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Sunday, 10 September 2017
Queensland has the two largest producing basins of coal bed methane (cbm) in Australia - the Bowen and the Surat Basins. It also has the largest artesian basin in the world - the Great Artesian Basin, the main source of freshwater for agriculture and human use in inland Queensland. The hydrological boundaries of GAB are different from but overlap with the boundaries of the constituent sedimentary basins. In recent years, I have been in these basins for some work stints - on the railroads, the pipelines, the highways and the waterways.
Horses and cattle in remote agricultural paddocks.
A dingo watches closely from the tall grass, as the gas flares burn.
Some gas pipes are big enough for cars to drive through.
Where the gas pipelines cross the railway lines,
the long roads are next in line.
On the river mouth, out to port.
For decades the Surat and Bowen basins have been happy hunting grounds for many of the world’s largest coal producers. The recent emergence of coal seam gas (CSG) has seen major international oil and gas companies dig in the same proving ground as the coal mines. CSG has been a boom for the Australian and Queensland economy over the past decade.
Pipes as far as the eye can see, ready to be buried, and then remain unseen.
But I seen the old railway carriage, in Calliope historical village.
The Surat Basin extends across several townships in the Darling Downs; from Toowoomba to the Western Downs (Condamine, Chinchilla, Dalby, Miles, Tara Wandoan), the Maranoa (Injune, Roma, Surat and Yuleba), and many other villages and communities in Banana Shire and Central Highlands.
Several environmental and economic concerns have been raised in relation to CSG, and governments and politicians at all levels, have promised to protect people against coal seam gas development. But whether the environment and longer-term sustainability will prevail over agricultural, political and/or economic interests, remains to be seen.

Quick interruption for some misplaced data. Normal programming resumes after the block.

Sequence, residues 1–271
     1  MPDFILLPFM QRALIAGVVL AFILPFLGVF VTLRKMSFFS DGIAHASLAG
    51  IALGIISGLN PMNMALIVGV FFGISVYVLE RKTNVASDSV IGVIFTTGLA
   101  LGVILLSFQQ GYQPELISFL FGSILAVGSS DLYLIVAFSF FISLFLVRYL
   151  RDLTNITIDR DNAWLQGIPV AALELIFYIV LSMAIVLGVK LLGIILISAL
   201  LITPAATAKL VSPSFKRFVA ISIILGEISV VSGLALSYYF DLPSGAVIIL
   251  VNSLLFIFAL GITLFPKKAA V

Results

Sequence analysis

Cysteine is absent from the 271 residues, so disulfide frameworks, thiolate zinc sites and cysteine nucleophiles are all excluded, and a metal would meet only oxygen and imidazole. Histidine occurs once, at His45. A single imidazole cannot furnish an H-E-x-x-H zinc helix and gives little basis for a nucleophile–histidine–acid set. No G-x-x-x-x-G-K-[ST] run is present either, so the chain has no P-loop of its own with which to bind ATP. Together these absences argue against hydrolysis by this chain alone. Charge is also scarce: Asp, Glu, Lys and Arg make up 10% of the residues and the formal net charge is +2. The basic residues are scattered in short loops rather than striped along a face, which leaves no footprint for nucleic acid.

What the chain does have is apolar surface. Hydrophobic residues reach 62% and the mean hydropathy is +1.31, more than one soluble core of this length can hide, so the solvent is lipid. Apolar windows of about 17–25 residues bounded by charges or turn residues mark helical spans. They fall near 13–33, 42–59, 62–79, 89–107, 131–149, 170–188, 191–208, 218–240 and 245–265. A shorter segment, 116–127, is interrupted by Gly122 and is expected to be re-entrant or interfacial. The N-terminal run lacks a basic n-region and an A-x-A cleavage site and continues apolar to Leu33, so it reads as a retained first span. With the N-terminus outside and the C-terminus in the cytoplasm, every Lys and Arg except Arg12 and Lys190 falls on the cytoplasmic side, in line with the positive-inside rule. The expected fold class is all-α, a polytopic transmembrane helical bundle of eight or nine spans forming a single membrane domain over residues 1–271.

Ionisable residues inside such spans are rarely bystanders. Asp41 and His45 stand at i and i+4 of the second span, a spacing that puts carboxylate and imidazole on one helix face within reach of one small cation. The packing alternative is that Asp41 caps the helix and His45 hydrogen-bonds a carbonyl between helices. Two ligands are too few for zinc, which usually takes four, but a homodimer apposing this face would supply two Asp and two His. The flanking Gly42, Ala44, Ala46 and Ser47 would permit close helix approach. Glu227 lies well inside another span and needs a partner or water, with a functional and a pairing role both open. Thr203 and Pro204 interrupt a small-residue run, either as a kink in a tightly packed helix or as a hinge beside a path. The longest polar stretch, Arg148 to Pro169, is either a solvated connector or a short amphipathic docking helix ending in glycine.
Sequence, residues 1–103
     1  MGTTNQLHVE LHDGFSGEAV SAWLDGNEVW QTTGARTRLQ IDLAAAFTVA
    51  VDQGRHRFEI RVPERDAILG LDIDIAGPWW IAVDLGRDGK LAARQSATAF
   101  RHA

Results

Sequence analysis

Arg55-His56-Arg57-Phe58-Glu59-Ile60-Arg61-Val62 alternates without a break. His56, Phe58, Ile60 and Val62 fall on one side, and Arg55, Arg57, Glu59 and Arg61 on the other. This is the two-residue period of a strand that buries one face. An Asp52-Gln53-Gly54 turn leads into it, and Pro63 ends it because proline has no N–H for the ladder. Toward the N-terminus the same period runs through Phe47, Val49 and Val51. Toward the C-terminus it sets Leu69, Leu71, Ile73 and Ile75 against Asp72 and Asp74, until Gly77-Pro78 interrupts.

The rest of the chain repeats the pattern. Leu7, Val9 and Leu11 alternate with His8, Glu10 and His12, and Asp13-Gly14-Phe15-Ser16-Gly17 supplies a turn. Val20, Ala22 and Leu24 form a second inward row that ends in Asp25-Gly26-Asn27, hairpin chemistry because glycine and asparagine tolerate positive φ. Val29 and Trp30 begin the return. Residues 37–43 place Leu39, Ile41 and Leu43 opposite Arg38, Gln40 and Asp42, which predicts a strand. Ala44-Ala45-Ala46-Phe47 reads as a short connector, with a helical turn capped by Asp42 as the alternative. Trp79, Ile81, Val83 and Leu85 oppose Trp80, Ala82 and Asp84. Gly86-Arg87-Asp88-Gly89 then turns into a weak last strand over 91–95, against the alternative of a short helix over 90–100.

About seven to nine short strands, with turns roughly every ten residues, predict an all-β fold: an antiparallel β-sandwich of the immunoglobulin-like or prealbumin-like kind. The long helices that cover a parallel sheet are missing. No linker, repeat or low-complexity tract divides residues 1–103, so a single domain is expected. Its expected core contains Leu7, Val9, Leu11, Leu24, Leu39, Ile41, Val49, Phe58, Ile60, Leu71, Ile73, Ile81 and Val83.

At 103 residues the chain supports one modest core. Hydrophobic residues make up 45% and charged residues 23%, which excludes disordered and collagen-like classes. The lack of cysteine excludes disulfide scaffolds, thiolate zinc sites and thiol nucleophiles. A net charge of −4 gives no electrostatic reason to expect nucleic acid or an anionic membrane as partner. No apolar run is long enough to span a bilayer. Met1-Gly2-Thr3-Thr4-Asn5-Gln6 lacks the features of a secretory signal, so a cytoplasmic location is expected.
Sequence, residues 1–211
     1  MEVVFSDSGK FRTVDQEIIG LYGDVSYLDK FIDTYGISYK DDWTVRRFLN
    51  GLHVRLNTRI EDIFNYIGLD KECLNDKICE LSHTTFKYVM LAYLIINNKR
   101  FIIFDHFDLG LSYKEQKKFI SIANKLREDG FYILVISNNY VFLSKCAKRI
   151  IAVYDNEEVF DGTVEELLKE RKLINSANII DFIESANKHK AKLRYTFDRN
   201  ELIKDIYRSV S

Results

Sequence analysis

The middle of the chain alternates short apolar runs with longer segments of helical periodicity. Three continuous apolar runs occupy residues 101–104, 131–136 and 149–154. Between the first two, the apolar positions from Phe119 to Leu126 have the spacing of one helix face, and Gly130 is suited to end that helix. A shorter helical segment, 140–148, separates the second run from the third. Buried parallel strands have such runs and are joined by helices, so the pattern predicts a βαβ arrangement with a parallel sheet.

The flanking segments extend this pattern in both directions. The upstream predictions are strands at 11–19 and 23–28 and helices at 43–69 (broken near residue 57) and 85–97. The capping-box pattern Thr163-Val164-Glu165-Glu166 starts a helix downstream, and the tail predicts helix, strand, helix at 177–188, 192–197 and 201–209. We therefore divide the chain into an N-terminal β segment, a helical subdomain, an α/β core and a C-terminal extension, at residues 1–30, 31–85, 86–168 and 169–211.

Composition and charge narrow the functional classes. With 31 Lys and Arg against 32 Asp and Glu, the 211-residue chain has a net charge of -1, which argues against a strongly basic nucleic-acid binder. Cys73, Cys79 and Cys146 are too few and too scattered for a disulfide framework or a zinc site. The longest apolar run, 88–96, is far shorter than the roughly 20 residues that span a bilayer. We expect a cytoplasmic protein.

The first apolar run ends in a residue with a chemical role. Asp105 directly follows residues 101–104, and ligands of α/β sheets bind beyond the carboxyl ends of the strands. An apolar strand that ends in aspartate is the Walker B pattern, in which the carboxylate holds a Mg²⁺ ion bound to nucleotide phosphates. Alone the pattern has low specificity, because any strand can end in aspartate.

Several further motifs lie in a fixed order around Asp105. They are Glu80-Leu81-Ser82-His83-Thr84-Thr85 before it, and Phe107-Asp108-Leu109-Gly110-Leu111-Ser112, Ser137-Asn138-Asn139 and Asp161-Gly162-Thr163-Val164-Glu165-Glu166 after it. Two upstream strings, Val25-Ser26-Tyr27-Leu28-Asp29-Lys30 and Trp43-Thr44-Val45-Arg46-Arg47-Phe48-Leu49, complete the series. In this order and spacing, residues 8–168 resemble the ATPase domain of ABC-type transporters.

All rise, with the sunrise.
Whilst the sun sets, as the earth tilts, with the camera's axis.
Calliope River. The sign warns of crocodiles.
But the geese at a barbeque park say there's no crocodiles-
in Dogwood Creek in Miles.
where's those turnstyles?
Saturday, 27 May 2017
From Kamanvatin: the fields of Chakkang and Litangfan.
Ascending to the left at mid-bottom is the disused mountain road turnoff to Pokis and Fa-ang. In the middle to right of picture is the road to Payeo. Beyond to Dongyowan and Lubo in the background is the Albago Highway with the Sagada-Besao road ascending at top-right.
Payeo in the back, and Roundtop Mountain in the foreground-right.
Mt Pokis and Arak cliff from the Likayan Road.
Upstream of Balitian River between Payeo/Nabas-ang and Chonglian.
Chonglian to Cheyjey.
The thick jungles of Cheyjey.
Jungle forest food.
Strawberry fields forever.
Somewhere over the rainbow is Chonglian.
Can you see the forest for the trees?
How about the kwikok eagles?
Ricefields of Nabas-ang.
Ricefields of Sacasacan.
Ricefields of Fa-ang (Maligcong).
Ricefields of Litangfan (Guina-ang).
Ricefields of Chonglian (Mainit).
Looking at Likayan (Dalican) from Fato (Rocky Top Mountain).
Rocky Top Mountain in Maligcong-Guina-ang.
Looking at the pristine airfield on Lukfufan and Fal-ling. Tabfoy is out of sight at left. This is somewhere between Fa-ang and Nakalu-kalut in Churya-a.
Maligcong from Rocky Top.
Litangfan at left and Chonglian at right.
Rainbow over Chonglian from Lobfangan.
Zooming in on Sadanga and Sacasacan from Cheyjey.
Churya-a and Kidla-a from Pokis.
Dakiltepan (Dapdapanan Killong Tetep-an Antadao) from the Likayan saddle.
Somewhere in Sacasacan is a hidden lake.
Chonglian and Litangfan
But now you know there's more to the highlands than this...